Restoring Military Rifles
There are many options available for preserving wood on military rifles dating to the smokeless age, but not all of them are historically accurate. Unlike metal finishing, where the chemical formulas for Parkerizing and bluing are known and widely practiced, the finishing of wood is something of a regional specialty. One must be aware that the items available at hardware stores may not be exactly what they advertise. What you will want to avoid are commercial products that do not contain pure oils. You’ll want to look and make sure you get raw tung or linseed oil for these projects. Boiled linseed oil is commonly available at many stores, but it is not the same as true raw linseed.

Military rifles, such as the 1903 Springfield and M1 Garand, were finished in a variety of ways, but most made under mass production were subjected to a hot linseed oil bath and were subsequently packed in cosmoline, a petroleum-based long-term preservative that was used on everything from tanks to artillery. This heavy grease-like substance was used to prevent saltwater corrosion and also to aid in long-term storage. It is becoming increasingly rare these days, but a sharp collector can still find original M1 or Springfield rifles packed in cosmoline. The guns, even after seventy years, are still in like-new condition.

Many people with cosmoline-soaked stocks choose to remove it and restore the finish to a presentation-grade luster. This technique requires stripping the oils from the stock using chemicals (or even a dishwasher, in some cases) and completing a routine sanding and oiling job.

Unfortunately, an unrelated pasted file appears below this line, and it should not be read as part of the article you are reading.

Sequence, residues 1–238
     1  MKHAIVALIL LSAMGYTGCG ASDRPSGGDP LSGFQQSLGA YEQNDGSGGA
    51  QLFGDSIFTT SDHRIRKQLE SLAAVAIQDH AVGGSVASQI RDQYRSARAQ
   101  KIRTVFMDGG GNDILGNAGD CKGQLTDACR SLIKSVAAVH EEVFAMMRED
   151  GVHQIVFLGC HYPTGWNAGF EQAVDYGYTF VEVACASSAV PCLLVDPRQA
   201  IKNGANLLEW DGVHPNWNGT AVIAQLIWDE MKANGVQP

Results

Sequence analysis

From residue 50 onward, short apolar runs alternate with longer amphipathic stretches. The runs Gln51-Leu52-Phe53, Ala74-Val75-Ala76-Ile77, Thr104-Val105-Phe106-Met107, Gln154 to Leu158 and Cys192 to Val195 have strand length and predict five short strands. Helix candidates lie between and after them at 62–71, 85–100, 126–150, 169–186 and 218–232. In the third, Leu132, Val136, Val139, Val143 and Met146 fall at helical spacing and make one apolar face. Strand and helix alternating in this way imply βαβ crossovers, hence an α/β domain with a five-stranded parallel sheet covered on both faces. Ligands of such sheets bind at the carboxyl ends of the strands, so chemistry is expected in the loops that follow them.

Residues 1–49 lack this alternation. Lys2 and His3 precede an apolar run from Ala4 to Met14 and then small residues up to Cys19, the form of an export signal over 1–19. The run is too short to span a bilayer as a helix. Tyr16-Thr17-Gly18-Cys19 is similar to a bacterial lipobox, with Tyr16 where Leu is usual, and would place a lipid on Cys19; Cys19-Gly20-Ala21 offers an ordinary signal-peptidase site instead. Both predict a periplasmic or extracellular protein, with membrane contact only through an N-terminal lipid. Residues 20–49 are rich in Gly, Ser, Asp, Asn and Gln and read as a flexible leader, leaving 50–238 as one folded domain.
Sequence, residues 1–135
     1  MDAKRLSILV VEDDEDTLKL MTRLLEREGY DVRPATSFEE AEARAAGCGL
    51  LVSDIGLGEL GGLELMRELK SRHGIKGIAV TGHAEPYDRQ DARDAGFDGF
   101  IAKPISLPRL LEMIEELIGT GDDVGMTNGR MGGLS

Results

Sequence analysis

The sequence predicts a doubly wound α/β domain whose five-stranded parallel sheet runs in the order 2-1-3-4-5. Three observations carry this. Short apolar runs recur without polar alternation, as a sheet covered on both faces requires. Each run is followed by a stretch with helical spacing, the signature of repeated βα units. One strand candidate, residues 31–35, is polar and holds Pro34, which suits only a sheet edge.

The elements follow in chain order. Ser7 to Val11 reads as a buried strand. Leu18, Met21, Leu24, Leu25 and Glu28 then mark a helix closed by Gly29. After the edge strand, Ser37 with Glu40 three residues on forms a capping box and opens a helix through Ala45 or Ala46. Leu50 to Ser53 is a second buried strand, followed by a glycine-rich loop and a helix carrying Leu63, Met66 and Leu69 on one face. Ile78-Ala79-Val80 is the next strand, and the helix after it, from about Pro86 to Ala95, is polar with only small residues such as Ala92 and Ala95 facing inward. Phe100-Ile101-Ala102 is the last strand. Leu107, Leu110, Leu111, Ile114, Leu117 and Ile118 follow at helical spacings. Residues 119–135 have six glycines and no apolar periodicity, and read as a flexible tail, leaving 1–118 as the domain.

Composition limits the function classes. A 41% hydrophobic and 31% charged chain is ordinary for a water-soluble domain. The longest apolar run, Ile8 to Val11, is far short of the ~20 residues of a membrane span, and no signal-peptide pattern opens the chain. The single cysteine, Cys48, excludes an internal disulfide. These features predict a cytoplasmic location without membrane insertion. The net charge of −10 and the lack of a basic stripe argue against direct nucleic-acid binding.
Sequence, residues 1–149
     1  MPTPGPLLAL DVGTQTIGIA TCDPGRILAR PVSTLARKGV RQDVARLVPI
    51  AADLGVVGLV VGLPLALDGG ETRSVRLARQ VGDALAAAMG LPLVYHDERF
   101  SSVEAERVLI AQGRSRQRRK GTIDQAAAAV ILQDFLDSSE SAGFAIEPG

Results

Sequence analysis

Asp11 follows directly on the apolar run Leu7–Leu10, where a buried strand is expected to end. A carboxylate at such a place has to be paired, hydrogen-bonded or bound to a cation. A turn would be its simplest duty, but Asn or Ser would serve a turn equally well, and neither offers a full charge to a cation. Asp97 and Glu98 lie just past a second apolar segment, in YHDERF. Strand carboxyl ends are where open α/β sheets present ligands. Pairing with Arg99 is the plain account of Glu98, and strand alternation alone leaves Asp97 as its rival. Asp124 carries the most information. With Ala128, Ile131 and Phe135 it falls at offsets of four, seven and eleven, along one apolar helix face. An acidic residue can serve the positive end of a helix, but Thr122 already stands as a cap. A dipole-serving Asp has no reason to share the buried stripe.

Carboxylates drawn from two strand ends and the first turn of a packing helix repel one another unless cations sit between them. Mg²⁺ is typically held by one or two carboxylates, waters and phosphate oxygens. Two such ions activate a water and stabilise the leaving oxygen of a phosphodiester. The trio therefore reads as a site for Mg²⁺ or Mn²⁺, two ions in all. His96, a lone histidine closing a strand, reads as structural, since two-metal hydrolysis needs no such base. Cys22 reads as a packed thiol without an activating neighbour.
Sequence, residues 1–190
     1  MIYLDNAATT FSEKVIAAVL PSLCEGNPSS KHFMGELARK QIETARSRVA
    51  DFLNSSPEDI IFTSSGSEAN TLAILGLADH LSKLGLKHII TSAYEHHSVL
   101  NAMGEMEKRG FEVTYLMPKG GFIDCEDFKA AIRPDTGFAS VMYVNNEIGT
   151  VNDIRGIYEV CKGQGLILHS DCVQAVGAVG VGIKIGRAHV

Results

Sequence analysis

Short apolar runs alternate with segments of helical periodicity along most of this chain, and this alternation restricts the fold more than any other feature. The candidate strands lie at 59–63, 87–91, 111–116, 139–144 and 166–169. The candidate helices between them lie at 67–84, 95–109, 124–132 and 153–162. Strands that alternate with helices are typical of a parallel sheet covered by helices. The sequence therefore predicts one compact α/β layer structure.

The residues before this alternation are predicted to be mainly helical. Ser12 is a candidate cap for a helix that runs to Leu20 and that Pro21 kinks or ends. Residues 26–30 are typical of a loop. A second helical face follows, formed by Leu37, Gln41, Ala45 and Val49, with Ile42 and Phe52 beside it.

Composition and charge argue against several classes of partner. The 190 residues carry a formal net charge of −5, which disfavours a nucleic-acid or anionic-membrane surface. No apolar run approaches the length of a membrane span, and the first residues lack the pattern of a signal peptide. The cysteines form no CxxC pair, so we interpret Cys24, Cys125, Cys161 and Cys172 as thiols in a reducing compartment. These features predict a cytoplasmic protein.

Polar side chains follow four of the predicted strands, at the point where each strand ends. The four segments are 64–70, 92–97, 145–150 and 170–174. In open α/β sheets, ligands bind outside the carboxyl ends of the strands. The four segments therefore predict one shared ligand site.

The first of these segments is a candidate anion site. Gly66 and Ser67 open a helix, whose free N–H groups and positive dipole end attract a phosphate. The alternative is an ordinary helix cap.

Attempting to restore an original finish on old guns can be a challenge, as things like linseed oil and cosmoline never truly dry like tung oil does. There are many reasons why United States WWII rifle owners didn’t use tung oil, a primary one being that many of the areas from which tung oil originates were occupied by the Japanese.

This author, in restoring a 1903-A3 Springfield rifle, attempted to use a raw linseed finish, but was dissatisfied by the quality of the finish and instead opted for a more modern Birchwood Casey Tru-Oil rub because of the unpredictable weather on the competition line. This finish is a type of linseed oil, but it will allow a build-up of polymerized coats, giving a very nice and waterproof finish.

If you decide to make your old rifle look like new, there are many good ways to go about it, some historically correct and others less authentic. Do what is right for you and your needs, and if you’re not happy with the results, another finish is just some sandpaper and a can of mineral spirits away.

Josh Wayner is a professional freelance journalist, nationally ranked competitive shooter, and industry consultant.

The photos in this article were taken on location at Bachelder Master Gunmakers in Grand Rapids, Michigan. Bachelder is a world leader in firearm restoration and specializes in restorations on Parker shotguns.

Disclaimer: The views expressed in this article are those of the author and do not necessarily reflect those of Gunpowder Magazine.